Civil Rights, Labor Advocates Demand End To Employment Credit Checks
WASHINGTON -- A coalition of 25 civil rights and labor advocacy groups petitioned one of the nation's largest credit-monitoring firms on Tuesday to quit selling consumer credit info to employers.
Using credit histories to screen job applicants, the groups said, can trap the jobless and disproportionately burden black and Latino candidates. They want TransUnion, one of the Big Three credit companies alongside Equifax and Experian, to stop making credit reports available.
"As the only privately-held company of the big three, TransUnion has the ability to stop this practice overnight without worrying about stockholder reaction," said UniteHere spokeswoman Anne Marie Strassel.
Roughly 60 percent of companies factor credit information into hiring decisions, according to a 2010 survey by the Society of Human Resource Management, which supports the practice. The rate of employment credit checks increased from 35 percent in 2003 and 19 percent in 1996.
"Employers understand that individuals, who have been unemployed as a result of these difficult times, may have also had difficulty keeping up with their financial obligations," TransUnion spokeswoman Colleen Tunney-Ryan said in a statement. "What employers are interested in, is whether an individual acted prudently while he or she was employed. A pre-employment report is one tool to help them assess that."
There is no data reflecting how frequently job applicants are passed over because of bad credit.
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On Monday, California Gov. Jerry Brown (D) signed a bill banning most businesses in the state from using credit checks to screen potential workers, making California the seventh state to restrict the practice. TransUnion has lobbied against state efforts to curtail its business.
The Equal Employment Opportunity Commission, which is currently suing two companies for reasons related to credit checks, held hearings on the practice last year. "The EEOC is concerned that not hiring people with poor credit may exclude qualified job seekers and some minority groups, and therefore may be discriminatory under civil rights law," EEOC spokeswoman Christine Nazer said in a statement to HuffPost.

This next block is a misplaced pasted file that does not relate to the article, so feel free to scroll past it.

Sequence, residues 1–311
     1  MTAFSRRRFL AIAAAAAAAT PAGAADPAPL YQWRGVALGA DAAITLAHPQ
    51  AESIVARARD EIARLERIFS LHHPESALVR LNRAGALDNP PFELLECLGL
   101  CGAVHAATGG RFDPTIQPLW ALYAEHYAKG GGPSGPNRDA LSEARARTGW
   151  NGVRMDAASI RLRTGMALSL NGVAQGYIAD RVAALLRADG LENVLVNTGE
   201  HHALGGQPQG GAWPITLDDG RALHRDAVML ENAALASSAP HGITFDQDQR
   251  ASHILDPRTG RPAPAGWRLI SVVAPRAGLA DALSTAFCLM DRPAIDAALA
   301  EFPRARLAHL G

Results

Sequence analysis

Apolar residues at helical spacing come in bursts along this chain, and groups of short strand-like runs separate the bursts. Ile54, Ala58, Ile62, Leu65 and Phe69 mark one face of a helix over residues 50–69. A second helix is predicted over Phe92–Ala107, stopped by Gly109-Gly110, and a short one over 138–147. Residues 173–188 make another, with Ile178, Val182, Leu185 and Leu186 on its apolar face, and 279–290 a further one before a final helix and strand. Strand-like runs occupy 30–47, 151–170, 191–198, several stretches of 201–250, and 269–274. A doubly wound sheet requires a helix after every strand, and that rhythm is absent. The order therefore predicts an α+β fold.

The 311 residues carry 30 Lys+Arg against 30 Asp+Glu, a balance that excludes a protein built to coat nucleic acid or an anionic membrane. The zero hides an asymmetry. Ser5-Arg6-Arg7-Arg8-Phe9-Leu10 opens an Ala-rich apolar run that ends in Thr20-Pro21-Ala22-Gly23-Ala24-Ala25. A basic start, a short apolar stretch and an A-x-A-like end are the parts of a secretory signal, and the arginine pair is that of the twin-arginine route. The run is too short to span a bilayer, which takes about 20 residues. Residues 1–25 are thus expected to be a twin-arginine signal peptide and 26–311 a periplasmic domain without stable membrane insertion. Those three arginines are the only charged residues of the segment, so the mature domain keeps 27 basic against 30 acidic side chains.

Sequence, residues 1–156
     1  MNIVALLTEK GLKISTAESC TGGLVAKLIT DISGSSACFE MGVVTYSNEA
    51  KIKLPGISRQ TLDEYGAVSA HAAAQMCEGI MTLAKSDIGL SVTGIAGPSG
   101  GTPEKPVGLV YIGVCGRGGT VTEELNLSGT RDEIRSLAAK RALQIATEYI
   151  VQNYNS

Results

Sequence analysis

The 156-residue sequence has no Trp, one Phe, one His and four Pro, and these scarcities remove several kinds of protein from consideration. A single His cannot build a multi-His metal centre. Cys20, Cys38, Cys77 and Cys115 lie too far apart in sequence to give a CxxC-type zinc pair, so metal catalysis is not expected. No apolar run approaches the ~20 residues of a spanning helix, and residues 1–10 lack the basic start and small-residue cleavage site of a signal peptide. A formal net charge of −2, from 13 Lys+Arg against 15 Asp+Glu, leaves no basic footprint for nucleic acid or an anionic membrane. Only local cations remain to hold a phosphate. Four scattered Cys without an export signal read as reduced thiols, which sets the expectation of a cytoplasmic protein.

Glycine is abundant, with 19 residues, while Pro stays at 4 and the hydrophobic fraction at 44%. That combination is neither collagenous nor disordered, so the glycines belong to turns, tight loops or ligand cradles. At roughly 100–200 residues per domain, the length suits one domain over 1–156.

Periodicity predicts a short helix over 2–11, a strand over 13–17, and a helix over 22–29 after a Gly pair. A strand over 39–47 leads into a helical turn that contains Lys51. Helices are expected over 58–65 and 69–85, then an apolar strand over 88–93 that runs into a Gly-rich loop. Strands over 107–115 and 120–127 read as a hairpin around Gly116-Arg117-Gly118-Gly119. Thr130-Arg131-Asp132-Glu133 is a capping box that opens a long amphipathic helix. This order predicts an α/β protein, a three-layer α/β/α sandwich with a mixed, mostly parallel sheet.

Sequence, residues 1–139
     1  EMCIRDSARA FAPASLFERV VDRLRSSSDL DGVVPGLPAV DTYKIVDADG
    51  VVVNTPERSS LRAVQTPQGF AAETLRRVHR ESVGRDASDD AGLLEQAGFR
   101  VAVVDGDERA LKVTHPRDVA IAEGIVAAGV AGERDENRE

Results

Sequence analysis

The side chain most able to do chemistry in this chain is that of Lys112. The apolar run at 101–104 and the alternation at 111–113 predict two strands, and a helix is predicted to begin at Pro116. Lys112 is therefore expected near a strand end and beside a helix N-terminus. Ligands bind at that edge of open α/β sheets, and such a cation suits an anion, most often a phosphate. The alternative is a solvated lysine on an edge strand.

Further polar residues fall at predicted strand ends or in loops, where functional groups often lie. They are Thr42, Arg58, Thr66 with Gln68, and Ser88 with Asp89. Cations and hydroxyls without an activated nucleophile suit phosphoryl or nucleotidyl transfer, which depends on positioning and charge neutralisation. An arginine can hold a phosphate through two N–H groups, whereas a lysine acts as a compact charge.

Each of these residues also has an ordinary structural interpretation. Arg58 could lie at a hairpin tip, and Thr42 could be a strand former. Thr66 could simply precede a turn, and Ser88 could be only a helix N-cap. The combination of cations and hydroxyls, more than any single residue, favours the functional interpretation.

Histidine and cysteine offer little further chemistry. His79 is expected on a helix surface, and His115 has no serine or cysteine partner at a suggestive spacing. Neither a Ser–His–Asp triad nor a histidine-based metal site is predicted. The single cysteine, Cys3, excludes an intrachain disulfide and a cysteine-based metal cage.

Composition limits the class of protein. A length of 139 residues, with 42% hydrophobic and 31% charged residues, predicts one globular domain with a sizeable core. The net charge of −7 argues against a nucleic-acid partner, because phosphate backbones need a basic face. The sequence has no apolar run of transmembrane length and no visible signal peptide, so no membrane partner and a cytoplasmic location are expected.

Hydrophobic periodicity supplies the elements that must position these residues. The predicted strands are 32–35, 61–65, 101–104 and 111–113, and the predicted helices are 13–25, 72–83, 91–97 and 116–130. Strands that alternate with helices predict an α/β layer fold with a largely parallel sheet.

"Employers need to show that the use of credit records is job-related and consistent with business necessity," Nazer said. "Moreover, credit history screening is an area where job seekers may not even know why they didn't get a job, and we are interested in looking closely at whether there may be possible discrimination because of a disparate impact on certain protected groups."
The coalition of groups opposed to employment credit checks says credit scores for black and Latino workers are 5 to 35 percent lower than scores for white workers. They also say credit checks are an unfair criteria for the unemployed because people without jobs to pay the bills are more likely to have negative items on their credit reports. (Some employers simply won't consider jobless applicants at all, a form of discrimination President Obama wants to ban.)
"We believe these barriers are a contributing factor to the drastic unemployment numbers we see for people of color," said Barbara Arnwine, director of the Lawyers' Committee for Civil Rights Under Law. "These credit checks are often used as disguises for other kinds of racial bias."
The businesses surveyed by SHRM said they were most likely to check credit histories for potential employees whose jobs would include financial responsibilities. Outstanding liens and judgments were the credit problems most likely to cause an applicant to be turned away. A business can't run an applicant's credit history without his or her permission.
Arthur Delaney is the author of "A People's History of the Great Recession," HuffPost's first e-book.